You must disavow how blacks made economic progress after World War II, significantly closing the wage gap with whites while segregation was still widespread. And don’t ask why this progress stopped even though racial animus declined over the years. No talking about how immigrants from the West Indies and Africa, descended from slaves, fare better than U.S.-born blacks, even better than many whites. The median income for American households of Nigerian ancestry is $68,658, compared with $61,937 for U.S. households overall.
    Fixing systemic racism also means believing it is someone else’s job. No talk about low turnout rates for black voters, or how most shootings in our cities are black-on-black and not cop-on-black. Nothing please about individual responsibility, or single parent families and runaway dads, or fetal alcohol syndrome and teenage moms, or the scrounge of inner city gangs and drug use, and how all that self-affects the black experience. Nope, those things are caused by systemic racism we must believe, so they’re not black people’s fault or responsibility to fix. Dr. King believed instead in responsibility to act, and indeed based the soul of his movement on it — things could be made better, saying “If the inexpressible cruelties of slavery could not stop us, the opposition we now face will surely fail.”
    We must dismiss the lack of action on systemic racism by a two-term black president with two black attorneys general, and later by a black VP, because somehow that was not their job or their responsibility except for that fact that they were the system in systemic, running the government of the United States. We do remember in 2017 Obama’s Department of Justice released a terrifying report describing the failures throughout the Chicago Police Department, the city then run by Obama’s own stooge Rahm Emanuel, saying excessive force was rampant, rarely challenged, and chiefly aimed at blacks. Not much was done, and Biden just appointed Rahm ambassador to Japan. Didn’t BLM then?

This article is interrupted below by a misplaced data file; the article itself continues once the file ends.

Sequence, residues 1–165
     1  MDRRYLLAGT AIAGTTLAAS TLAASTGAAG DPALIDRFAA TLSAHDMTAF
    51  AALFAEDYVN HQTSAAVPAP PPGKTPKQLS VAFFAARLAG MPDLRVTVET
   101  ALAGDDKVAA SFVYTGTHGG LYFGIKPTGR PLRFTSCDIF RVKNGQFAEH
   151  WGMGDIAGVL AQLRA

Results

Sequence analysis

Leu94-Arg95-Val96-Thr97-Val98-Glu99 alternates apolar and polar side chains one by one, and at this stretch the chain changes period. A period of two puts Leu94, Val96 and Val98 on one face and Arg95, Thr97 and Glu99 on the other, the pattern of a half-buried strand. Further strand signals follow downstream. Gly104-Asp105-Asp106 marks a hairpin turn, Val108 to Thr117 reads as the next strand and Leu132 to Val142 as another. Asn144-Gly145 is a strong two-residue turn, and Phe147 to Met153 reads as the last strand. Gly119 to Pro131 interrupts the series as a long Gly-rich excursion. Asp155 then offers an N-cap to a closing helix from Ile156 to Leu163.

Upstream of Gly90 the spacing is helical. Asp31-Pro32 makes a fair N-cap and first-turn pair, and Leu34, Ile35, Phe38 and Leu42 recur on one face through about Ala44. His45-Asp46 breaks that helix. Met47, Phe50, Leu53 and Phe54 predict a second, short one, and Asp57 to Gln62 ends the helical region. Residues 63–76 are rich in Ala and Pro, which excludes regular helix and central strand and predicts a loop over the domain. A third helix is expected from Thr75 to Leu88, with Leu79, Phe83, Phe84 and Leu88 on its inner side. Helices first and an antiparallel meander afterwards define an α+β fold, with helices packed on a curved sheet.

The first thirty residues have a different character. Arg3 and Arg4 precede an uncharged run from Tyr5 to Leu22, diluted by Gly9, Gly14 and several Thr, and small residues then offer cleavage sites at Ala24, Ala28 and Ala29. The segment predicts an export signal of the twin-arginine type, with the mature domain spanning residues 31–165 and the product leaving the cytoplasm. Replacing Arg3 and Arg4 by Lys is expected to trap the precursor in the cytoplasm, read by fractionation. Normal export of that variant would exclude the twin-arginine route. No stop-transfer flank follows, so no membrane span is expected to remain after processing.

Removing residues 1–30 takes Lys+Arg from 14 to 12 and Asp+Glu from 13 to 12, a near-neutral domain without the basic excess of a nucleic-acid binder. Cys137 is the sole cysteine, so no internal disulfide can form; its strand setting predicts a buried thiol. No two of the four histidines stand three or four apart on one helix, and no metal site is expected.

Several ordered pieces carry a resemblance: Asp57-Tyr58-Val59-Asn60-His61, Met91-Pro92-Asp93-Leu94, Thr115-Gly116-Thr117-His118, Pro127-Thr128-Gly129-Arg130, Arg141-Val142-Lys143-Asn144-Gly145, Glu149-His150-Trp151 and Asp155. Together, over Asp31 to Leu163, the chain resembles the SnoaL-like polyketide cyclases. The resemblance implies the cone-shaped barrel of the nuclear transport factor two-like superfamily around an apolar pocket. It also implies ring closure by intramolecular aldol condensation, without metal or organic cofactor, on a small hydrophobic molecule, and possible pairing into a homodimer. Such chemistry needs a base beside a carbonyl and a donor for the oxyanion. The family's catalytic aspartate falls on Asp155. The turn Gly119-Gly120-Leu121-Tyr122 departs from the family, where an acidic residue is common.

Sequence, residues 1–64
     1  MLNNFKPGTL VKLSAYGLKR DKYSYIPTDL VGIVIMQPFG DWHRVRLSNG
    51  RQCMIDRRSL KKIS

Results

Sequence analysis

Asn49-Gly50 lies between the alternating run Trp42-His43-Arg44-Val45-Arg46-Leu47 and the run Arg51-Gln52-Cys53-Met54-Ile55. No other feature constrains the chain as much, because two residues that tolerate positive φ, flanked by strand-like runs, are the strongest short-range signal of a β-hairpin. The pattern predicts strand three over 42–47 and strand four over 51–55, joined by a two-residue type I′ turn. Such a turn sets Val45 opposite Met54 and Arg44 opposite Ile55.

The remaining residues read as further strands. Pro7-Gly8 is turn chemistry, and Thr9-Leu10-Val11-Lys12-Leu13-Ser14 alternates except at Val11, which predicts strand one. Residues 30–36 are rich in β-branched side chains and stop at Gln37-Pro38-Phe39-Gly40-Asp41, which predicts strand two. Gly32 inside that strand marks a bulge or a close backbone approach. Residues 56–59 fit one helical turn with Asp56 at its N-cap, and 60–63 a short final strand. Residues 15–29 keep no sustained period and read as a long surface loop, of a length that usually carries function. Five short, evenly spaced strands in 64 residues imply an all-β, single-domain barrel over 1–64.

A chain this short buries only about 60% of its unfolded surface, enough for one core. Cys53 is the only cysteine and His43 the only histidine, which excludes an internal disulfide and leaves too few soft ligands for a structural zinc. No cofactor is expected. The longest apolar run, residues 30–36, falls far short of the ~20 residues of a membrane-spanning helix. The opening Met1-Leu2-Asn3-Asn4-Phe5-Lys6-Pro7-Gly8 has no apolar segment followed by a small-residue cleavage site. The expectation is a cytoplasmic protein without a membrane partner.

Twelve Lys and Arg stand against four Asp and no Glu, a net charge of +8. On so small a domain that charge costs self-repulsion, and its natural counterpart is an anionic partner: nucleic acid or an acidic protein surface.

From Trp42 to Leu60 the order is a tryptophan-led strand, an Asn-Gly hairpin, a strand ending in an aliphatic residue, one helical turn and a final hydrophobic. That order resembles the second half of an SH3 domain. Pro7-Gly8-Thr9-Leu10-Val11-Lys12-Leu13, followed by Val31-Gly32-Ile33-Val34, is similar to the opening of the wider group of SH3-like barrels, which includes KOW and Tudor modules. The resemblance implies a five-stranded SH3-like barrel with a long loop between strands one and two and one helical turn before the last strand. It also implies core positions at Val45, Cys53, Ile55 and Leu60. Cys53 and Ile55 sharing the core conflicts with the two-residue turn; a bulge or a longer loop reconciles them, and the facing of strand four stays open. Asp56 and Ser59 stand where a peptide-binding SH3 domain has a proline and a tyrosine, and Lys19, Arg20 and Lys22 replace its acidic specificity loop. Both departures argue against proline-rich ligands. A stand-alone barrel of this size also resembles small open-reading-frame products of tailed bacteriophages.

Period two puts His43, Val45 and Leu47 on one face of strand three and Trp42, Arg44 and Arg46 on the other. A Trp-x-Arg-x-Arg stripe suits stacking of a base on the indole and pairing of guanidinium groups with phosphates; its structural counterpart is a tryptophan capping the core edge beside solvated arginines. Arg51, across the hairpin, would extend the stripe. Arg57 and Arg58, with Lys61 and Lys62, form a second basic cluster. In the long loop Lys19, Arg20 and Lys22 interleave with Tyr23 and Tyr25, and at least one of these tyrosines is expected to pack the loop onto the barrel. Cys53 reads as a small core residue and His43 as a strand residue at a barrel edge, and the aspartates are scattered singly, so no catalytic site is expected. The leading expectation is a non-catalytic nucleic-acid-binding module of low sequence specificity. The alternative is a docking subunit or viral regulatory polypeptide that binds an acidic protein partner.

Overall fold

It is maybe a bit unfair to put words in the mouths of the dead, and indeed there are people reading this who question the propriety of me, a Caucasian, even talking about Dr. King, as if that part of America’s broader story is not mine to tell. So let’s put it this way: what will happen when those who still understand Dr. King, never mind the oh-so-earnest creamy undergrads with purple hair, realize King’s successors, the critical race theorists, have built their message on a foundation of untruths, hypocrisy, lack of responsibility, hate, violence, and plain old carny talk? Will the followers pivot to a more righteous path, or will they give up, seeing fighting racism as just another meme that has run its course, exposing it was all just messaging? What happens to the work which still needs to be done when it’s revealed there was no message in CRT?

    A lot to think about on this day, remembering MLK.

     

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    Copyright © 2020. All rights reserved. The views expressed here are solely those of the author(s) in their private capacity.

    Posted in Democracy

    Renaming the Past to Cancel Thomas Jefferson, Rapist and Slave Owner